What Kind of Choice and Accountability?

Mary McConnell starts off a recent book review with an excellent anecdote. (If you don’t subscribe to First Things, try here.)

“Catholic schools reap one benefit from poverty,” the high-school principal hiring me commented ruefully (I’d just glimpsed my pay package). “By the time we’ve scrounged up money for the latest educational innovation, everybody else has figured out it doesn’t work.”

Only systems in which money is ultimately no object (indeed, in which failure often leads to more money) could tolerate public education’s oddly combined tendency to leap on fads and to reform slowly. The factor that makes sense of the paradox is a desire for more public dollars and for less accountability. A new method of teaching math, for example, requires money for training and materials, while also creating the perennial excuse of adjusting to a new system.
This observation is in keeping with the subject of McConnell’s review, The Death and Life of the Great American School System, by Diane Ravitch. The title of the review is “Apostasy Sells,” because Ravitch is a former advocate of “school choice” and “accountability” who has changed her mind.
Unfortunately, as even occasional followers of the choice and accountability debates should have observed, those who oppose such reforms tend to attack the principle on the basis of a particular policy’s results. Consider:

Enter choice. Ravitch contends that voucher programs and public charter schools have failed to demonstrate measurable educational gains. Putting aside the surprising reemergence of test scores as the preferred standard of performance, I wondered what she would say about Catholic schools. The data on charter-school performance is perhaps mixed, but a half century of research proves, as Ravitch acknowledges, that “minority children in Catholic schools are more likely to take advanced courses than their peers in public schools, more likely to go to college, and more likely to continue on to graduate school.”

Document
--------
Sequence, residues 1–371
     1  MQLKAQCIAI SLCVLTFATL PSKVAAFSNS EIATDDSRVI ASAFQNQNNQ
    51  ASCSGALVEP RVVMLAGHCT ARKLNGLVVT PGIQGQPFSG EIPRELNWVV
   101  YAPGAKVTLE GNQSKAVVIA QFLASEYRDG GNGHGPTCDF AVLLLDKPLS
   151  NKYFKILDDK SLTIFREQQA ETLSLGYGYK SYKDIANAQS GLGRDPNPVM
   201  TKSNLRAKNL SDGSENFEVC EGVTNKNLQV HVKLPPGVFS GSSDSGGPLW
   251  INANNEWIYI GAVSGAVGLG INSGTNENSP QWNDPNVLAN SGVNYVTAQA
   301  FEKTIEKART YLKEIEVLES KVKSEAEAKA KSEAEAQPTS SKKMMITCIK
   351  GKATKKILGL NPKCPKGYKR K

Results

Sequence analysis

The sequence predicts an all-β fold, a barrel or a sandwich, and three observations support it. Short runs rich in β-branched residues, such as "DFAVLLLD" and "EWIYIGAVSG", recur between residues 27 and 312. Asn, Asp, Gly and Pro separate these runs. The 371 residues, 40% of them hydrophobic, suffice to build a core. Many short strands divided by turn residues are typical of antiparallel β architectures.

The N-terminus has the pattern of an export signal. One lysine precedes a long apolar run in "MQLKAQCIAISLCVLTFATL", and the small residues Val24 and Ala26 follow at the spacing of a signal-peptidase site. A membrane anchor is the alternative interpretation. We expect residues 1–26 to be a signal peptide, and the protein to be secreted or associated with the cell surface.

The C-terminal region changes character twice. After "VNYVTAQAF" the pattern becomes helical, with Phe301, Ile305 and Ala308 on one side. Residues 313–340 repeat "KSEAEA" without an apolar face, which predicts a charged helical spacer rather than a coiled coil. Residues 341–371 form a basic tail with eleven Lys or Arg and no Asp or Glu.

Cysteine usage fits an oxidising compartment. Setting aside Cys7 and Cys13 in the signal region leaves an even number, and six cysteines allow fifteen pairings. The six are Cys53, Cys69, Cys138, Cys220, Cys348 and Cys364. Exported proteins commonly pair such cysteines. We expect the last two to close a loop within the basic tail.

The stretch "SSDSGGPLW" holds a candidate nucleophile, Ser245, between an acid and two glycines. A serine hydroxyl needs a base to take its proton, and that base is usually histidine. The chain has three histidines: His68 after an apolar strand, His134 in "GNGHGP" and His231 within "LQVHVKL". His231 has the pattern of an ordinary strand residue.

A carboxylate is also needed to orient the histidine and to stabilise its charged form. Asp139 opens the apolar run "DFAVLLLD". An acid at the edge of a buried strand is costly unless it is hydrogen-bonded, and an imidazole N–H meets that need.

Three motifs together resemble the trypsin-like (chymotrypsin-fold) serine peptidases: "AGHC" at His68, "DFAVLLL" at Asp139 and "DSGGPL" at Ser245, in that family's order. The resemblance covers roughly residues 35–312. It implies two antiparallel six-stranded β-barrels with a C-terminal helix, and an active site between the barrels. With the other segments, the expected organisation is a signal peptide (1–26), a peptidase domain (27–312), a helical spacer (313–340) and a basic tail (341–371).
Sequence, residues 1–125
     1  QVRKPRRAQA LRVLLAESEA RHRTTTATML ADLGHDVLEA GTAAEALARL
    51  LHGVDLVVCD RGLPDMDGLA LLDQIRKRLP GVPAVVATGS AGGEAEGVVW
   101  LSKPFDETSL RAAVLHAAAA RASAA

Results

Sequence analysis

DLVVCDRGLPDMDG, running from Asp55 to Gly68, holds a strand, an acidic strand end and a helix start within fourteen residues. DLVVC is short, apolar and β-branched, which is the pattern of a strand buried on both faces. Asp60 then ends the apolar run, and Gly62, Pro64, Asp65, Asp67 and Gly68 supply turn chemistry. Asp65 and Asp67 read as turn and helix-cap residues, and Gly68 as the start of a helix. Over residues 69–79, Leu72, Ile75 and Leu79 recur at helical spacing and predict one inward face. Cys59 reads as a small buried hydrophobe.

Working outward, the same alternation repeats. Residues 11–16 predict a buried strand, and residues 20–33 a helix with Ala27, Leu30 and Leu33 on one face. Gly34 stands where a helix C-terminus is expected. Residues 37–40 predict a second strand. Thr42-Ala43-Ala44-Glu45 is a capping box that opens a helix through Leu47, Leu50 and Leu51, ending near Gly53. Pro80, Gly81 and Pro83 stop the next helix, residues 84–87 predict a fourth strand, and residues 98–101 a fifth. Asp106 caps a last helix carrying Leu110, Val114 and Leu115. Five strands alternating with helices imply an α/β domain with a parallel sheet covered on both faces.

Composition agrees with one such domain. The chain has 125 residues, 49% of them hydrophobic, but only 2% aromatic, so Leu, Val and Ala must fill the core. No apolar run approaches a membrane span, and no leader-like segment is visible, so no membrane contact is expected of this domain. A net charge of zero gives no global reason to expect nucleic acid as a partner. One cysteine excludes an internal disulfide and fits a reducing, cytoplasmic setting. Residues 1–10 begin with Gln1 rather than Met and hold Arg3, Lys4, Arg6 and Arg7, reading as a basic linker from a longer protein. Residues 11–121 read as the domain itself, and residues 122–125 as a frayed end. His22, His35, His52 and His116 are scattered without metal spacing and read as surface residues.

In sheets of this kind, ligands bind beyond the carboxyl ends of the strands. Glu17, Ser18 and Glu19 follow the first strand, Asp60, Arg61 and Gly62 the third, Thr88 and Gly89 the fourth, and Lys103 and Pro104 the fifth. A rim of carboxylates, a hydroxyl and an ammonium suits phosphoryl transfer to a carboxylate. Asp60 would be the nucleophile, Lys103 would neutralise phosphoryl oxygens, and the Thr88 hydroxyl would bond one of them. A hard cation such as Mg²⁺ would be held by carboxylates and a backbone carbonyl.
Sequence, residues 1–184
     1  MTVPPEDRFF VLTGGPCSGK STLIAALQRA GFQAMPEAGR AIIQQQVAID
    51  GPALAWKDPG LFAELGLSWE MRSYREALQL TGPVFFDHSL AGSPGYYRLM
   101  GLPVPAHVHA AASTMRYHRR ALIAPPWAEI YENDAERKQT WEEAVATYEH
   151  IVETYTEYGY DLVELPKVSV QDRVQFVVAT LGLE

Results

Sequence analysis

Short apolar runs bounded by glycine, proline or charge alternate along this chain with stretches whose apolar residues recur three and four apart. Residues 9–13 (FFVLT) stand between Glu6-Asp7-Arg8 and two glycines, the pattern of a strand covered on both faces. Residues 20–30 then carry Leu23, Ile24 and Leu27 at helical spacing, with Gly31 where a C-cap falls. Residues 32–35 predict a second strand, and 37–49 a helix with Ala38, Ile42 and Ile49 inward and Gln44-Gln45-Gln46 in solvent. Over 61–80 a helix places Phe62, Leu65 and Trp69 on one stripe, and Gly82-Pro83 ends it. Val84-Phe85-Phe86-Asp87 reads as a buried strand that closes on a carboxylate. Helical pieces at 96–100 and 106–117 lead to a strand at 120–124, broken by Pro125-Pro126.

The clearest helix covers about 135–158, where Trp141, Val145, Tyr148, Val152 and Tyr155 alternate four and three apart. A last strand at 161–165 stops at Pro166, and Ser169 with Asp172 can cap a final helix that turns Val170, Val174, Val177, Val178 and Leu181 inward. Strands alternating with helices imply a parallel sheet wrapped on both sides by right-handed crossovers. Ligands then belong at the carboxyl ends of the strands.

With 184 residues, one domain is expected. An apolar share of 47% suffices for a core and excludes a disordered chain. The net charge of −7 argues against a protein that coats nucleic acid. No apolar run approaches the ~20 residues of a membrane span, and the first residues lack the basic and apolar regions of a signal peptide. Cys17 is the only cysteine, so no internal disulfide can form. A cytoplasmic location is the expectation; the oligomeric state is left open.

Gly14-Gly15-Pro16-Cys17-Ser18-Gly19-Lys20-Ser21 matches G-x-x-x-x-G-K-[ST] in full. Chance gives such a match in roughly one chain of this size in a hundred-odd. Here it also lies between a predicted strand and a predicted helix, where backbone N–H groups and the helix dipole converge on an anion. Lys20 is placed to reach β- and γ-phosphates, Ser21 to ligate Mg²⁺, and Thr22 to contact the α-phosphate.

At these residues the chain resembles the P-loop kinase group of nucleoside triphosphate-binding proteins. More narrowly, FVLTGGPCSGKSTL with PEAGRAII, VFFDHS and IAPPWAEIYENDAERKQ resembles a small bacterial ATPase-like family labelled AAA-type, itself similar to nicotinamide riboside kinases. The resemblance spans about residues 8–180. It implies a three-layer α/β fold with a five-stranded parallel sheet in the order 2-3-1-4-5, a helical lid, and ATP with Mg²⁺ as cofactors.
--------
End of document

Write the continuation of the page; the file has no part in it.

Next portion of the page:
Claiming that she initially supported vouchers to “help Catholic schools,” Ravitch now contends that charter schools are forcing Catholic schools to close. A strange complaint. Eight hundred of the 1700 poor children who receive District of Columbia vouchers attend Catholic schools. If, now that Congress has killed the program, their parents flee to charter schools, “choice” will not be the culprit.

The allusion to “the surprising reemergence of test scores” refers to McConnell’s prior explanation that “accountability” has become synonymous with “standardized testing,” which (whatever its merits), Ravitch finds herself using again and again as necessary evidence for her other arguments.
Those of us who support reforms in the mold of “choice and accountability” can only continue restating that we’re not talking about “charters and tests.” We’re talking about a systematic rethinking wherein families can use at least some portion of the tax money allocated to the education of their children in order to help send them to any school that they would pick were money not an issue (although they’d remain responsible for whatever cost exceeded the program, of course).
Then, school districts need to be reworked to ensure that public schools can hold their own in the ensuing competition, which requires teacher pay and promotion based on individual merit, not seniority, and administrators’ reclamation of the authority to make significant decisions and responsibility to accept the consequences when results are negative. You know, sort of like the working world that most of us in the private sector encounter.

0 0 votes
Article Rating
Subscribe
Notify of
guest
7 Comments
Oldest
Newest Most Voted
Inline Feedbacks
View all comments
Phil
Phil
11 years ago

Katz writes this: “We’re talking about a systematic rethinking wherein families can use at least some portion of the tax money allocated to the education of their children in order to send them to any school that they would pick were money not an issue.”